Twenty-eight videos have been uploaded to YouTube so far, with hundreds more expected in the coming days. "NASA has so much digital content that tends to be overlooked by the public, given the difficulty that exists in actually locating the content," Rebecca Richardson, an Armstrong spokeswoman, told Motherboard.
"Our hope is that by moving the content to more accessible platforms, NASA fans and media personnel will be able to access the content more regularly and become more fully immersed in what is happening at NASA."
For instance, test footage of the YF-12 "Blackbird" was released. The YF-12, the experimental predecessor to the infamous SR-71, set a then-speed record of 2,070.101 miles per hour in the 1965 NASA footage.
The SR-71 has become an almost mythical plane for the countless speed records it set before being discontinued in 1999. When a missile was fired at a Blackbird, the pilot was trained to simply accelerate the aircraft and outrun the projectile. Twelve of the 32 built were lost, all to pilot error. The conceptual SR-72, which would have flown at Mach 6, was never constructed.
Footage from the X-planes, experimental aircraft meant to test new technologies, was also uploaded, including film of the X-43, an experimental unmanned hypersonic aircraft which was tested in the mid-2000s. The X-43 was an early test of scramjet technology, and it set speed records of its own when it traveled at 7,310 mph during a test. It couldn't fly on its own, so in the footage the X-43 is being dropped from a B-52 bomber.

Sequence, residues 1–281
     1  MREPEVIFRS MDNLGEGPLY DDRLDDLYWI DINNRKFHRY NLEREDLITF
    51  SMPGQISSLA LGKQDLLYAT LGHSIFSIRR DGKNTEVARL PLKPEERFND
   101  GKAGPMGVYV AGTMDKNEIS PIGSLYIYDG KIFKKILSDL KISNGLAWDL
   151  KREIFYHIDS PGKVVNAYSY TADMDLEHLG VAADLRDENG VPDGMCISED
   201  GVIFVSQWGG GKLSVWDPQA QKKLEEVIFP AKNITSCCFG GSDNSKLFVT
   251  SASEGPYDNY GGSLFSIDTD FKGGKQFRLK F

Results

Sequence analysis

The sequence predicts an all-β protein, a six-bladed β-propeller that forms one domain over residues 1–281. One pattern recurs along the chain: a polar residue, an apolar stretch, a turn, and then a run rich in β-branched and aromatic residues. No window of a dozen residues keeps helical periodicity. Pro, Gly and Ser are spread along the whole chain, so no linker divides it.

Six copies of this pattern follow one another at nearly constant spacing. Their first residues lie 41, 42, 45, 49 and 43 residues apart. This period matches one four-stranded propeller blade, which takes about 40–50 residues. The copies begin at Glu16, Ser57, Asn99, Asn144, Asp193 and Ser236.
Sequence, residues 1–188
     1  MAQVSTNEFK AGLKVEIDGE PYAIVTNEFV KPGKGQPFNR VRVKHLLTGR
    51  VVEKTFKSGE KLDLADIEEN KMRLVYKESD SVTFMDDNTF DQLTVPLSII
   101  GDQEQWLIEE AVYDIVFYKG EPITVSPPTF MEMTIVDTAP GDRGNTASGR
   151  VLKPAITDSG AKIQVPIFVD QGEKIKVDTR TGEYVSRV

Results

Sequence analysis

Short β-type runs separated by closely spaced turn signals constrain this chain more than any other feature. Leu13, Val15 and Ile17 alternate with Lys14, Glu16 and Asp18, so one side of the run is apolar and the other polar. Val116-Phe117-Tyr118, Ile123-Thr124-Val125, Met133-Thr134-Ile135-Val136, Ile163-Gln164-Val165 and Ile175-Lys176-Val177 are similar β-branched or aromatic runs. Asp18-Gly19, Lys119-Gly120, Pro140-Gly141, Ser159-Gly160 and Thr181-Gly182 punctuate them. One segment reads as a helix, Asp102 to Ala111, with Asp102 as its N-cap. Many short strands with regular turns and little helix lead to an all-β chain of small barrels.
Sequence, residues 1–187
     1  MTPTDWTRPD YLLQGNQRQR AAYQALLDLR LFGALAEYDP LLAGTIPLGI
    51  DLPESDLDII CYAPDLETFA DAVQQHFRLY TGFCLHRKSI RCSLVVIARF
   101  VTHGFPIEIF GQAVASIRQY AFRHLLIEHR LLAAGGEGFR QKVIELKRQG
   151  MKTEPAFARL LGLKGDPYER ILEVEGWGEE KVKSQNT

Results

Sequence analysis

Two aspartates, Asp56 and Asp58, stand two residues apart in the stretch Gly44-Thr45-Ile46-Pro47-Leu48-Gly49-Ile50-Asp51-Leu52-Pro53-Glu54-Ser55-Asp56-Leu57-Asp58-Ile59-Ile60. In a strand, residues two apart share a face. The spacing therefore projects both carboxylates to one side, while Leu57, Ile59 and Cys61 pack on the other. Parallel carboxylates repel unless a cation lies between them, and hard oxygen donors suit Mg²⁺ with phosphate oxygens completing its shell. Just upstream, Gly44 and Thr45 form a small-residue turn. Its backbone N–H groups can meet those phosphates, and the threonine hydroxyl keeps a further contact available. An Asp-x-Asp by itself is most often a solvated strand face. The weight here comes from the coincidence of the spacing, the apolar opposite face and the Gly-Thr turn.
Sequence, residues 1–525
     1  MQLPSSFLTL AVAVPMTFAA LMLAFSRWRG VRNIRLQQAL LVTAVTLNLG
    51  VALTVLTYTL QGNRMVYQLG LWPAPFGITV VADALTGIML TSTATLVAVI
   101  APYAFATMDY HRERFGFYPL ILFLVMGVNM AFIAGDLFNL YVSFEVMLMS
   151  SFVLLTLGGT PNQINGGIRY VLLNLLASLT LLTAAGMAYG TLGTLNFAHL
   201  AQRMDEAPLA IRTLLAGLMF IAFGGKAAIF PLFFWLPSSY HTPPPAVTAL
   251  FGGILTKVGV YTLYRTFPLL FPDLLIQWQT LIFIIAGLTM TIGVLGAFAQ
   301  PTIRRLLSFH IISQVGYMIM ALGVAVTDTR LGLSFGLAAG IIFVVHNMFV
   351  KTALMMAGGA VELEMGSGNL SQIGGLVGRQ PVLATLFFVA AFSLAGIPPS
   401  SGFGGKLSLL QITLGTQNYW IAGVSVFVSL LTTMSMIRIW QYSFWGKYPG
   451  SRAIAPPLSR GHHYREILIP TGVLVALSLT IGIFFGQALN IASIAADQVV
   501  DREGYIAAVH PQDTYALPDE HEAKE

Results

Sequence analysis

An X-15 rocket aircraft, one of the first hypersonic aircraft, still holds the record for highest speed ever recorded by a manned, powered aircraft. It traveled at 4,520 mph during a test in October 1967 — a record that still holds today.
It wasn't only planes that were tested. An experimental Mars rover was tested on the ground in 2003, and a Lunar Landing Research Vehicle was tested in the lead-up to the 1969 Apollo landing on the Moon. The list goes on.
In 1947, the Dryden Flight Research Center was created to host experimental projects of the National Advisory Committee for Aeronautics (NACA) to test the Bell X-1, the first manned supersonic aircraft in human history. Since then, they have been on the forefront of aerospace testing. Dryden was renamed three times, with the Armstrong name (after astronaut and moonwalker Neil Armstrong) coming in 2014.